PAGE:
DUBAI: A number of charitable and other nonprofit organizations have urged video-sharing platform TikTok to do more to protect children by strengthening its policies for the moderation of content relating to suicide and eating disorders.
The call came in an open letter to TikTok’s head of safety, Eric Han. It was signed by almost 30 groups, including the Center for Countering Digital Hate, the American Psychological Association, the UK’s National Society for the Prevention of Cruelty to Children, and suicide prevention organization The Molly Rose Foundation.
TikTok’s algorithm pushes content about self-harm and eating disorders to teenagers almost as soon as they express interest in the topics, according to research published by the CCDH in December. It found that within 2.6 minutes, the platform recommended suicide-related content to teenagers’ accounts created by CCDH researchers. Within eight minutes, it served up content related to eating disorders. Every 39 seconds, the platform recommended videos about body image and mental-health issues.
The organizations accuse TikTok of failing to act swiftly enough in response to the concerns raised by the CCDH report. In their letter, they urged the platform to take “meaningful action,” including: Improvements to the moderation of content relating to eating disorders and suicide; working with experts to develop a “comprehensive” approach to identifying and removing harmful content; providing support for users who might be struggling with suicidal thoughts or eating disorders; and more transparency about, and accountability for, the steps it is taking to address the issues and the effects their efforts are having.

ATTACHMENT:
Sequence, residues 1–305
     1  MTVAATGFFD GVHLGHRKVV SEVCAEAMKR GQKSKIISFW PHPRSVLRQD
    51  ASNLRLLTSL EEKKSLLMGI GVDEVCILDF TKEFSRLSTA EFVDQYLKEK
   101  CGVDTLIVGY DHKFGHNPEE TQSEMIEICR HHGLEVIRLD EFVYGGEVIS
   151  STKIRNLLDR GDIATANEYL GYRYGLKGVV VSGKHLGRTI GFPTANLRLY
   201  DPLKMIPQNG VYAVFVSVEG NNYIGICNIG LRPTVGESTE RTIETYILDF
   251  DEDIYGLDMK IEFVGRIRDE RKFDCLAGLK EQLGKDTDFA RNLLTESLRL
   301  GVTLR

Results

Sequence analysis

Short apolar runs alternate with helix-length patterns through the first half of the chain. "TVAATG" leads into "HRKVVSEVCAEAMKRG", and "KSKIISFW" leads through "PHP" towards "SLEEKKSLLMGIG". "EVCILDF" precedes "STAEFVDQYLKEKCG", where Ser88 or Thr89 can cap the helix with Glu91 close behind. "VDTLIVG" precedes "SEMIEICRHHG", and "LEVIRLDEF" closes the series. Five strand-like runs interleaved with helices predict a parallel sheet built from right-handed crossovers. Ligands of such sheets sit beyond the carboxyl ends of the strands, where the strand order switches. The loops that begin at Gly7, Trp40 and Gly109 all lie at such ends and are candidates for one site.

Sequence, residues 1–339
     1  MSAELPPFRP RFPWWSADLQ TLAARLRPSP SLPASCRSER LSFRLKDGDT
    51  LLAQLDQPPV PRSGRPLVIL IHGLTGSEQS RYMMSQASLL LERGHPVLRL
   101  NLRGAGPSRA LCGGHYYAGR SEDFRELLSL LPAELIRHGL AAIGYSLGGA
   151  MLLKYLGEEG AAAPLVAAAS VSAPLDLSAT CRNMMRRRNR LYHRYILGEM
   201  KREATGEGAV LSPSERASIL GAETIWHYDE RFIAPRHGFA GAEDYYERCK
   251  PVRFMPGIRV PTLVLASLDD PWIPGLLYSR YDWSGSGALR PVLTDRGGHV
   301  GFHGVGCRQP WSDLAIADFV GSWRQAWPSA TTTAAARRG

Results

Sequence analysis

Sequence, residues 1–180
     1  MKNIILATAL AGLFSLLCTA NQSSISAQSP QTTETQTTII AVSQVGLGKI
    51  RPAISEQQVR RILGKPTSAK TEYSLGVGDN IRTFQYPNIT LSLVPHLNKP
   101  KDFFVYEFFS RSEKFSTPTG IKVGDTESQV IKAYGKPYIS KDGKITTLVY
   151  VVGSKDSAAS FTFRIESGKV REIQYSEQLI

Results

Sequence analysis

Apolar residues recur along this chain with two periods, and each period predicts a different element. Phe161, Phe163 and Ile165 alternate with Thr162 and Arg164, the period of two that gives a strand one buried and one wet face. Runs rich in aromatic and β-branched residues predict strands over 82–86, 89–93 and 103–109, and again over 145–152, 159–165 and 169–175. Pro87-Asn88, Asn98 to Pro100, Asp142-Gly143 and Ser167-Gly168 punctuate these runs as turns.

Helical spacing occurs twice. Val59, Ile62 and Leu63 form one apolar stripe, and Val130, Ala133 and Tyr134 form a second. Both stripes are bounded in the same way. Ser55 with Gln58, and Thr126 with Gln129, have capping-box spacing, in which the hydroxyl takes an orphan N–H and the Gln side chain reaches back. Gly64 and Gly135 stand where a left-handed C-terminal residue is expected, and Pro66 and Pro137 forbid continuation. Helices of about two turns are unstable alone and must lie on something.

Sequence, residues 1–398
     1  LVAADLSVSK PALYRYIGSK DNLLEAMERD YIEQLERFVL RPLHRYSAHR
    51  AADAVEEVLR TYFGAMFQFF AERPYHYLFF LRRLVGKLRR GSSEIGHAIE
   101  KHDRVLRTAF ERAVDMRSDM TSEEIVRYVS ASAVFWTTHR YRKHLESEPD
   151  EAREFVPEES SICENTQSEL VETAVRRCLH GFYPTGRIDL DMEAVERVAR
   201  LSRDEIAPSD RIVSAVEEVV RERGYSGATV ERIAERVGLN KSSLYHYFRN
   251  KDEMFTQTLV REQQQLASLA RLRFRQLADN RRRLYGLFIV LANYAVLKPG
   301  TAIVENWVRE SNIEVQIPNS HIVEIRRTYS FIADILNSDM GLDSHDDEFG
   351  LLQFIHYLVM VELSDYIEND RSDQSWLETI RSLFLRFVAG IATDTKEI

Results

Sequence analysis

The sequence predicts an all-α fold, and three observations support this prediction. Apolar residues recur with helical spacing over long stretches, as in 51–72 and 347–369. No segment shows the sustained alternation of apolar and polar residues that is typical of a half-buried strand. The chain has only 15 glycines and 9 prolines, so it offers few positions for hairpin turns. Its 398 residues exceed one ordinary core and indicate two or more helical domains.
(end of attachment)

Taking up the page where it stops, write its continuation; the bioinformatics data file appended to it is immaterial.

The letter noted that TikTok had removed only seven of 56 hashtags related to eating disorders that were highlighted by the CCDH research. Content containing those hashtags had received 14.8 billion views as of January 2023, including 1.6 billion views since the report was published, the center said.
“Since CCDH’s report was released in December 2022, you have chosen to deny the problem, deflect responsibility and delay taking any meaningful action,” the organizations said in the letter.
“You were presented with clear harms but continue to turn your backs on the young users you claim to protect. Your silence speaks volumes.”
This month, TikTok announced that teenagers on the platform will be limited to one hour of use each day. It said the limit was set after consulting the Digital Wellness Lab at Boston Children's Hospital.
However, users can override this setting when their 60 minutes are up by entering a passcode that allows them to continue using the app. This requires “them to make an active decision,” TikTok said.
“TikTok’s business model is to broadcast content produced by creators to viewers, using algorithms that individually optimize the addictiveness of the content, all so that they can ultimately serve those viewers ads,” said CCDH CEO Imran Ahmed.
“The stakes are too high for TikTok to continue to do nothing, or for our politicians to sit back and fail to act. We need platforms and politicians to have parents’ backs but right now they’re putting profits before people.”
Other organizations that signed the letter included Free Press, the Youth Power Project, the Real Facebook Oversight Board, and the Tech Transparency Project.